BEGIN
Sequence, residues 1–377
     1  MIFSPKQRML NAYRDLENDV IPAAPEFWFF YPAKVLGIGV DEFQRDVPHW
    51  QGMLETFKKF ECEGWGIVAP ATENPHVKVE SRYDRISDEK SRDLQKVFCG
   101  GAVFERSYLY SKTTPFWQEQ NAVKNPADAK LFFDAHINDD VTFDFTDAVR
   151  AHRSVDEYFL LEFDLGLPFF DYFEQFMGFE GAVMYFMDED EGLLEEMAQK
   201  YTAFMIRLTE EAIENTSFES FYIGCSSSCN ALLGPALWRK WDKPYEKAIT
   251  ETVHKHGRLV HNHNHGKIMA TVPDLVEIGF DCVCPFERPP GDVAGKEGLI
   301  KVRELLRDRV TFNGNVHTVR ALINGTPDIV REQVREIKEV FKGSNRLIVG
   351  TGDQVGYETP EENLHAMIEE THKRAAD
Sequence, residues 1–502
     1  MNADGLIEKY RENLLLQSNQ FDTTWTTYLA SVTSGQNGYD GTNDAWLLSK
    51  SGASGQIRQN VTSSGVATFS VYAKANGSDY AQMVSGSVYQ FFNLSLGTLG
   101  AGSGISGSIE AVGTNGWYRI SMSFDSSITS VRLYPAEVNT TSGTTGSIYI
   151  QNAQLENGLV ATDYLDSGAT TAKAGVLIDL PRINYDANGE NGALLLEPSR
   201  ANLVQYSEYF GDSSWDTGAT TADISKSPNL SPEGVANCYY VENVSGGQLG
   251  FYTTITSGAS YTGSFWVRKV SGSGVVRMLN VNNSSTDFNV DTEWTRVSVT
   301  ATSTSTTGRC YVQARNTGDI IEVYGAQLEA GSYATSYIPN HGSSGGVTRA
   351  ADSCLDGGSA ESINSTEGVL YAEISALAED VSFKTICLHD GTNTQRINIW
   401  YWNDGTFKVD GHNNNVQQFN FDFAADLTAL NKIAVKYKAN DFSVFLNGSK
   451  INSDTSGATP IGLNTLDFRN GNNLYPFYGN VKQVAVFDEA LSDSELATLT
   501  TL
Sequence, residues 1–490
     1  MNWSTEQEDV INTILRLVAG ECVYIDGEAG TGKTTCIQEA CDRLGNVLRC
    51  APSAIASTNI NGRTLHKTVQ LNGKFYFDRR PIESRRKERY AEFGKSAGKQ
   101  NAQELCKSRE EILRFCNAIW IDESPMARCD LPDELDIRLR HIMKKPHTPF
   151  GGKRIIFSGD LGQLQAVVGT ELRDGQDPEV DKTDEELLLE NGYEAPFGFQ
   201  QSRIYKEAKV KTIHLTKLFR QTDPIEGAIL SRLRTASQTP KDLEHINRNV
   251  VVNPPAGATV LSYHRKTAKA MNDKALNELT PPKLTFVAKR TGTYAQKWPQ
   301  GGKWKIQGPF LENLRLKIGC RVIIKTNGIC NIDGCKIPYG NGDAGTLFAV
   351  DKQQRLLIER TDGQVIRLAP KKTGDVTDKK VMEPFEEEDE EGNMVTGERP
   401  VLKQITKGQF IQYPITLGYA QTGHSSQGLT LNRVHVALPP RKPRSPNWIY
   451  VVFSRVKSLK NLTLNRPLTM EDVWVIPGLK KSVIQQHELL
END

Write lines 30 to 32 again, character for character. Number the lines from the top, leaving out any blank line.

   351  DKQQRLLIER TDGQVIRLAP KKTGDVTDKK VMEPFEEEDE EGNMVTGERP
   401  VLKQITKGQF IQYPITLGYA QTGHSSQGLT LNRVHVALPP RKPRSPNWIY
   451  VVFSRVKSLK NLTLNRPLTM EDVWVIPGLK KSVIQQHELL